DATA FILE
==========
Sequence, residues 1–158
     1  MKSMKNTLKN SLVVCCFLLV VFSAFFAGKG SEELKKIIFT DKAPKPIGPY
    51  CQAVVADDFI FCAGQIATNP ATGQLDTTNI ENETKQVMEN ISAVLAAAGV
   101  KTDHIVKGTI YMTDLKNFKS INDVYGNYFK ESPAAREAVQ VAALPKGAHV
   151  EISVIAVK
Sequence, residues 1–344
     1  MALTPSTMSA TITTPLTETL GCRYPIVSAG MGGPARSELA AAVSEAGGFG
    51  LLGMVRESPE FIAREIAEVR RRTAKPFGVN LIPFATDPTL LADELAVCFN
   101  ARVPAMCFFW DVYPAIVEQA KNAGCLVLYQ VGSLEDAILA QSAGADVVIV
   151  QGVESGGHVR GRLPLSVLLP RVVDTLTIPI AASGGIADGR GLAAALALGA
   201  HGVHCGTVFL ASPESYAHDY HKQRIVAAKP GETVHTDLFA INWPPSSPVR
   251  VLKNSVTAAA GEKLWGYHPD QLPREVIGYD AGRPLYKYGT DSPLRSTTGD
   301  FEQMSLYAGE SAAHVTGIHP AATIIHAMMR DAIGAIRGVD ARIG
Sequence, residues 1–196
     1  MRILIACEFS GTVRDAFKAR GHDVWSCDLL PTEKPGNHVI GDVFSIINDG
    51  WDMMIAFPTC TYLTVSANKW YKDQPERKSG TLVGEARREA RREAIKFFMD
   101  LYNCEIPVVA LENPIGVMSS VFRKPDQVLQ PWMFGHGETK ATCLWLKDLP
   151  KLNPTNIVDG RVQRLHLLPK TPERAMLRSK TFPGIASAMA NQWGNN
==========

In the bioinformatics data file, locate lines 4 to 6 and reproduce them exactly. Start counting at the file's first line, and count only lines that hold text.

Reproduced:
   101  KTDHIVKGTI YMTDLKNFKS INDVYGNYFK ESPAAREAVQ VAALPKGAHV
   151  EISVIAVK
Sequence, residues 1–344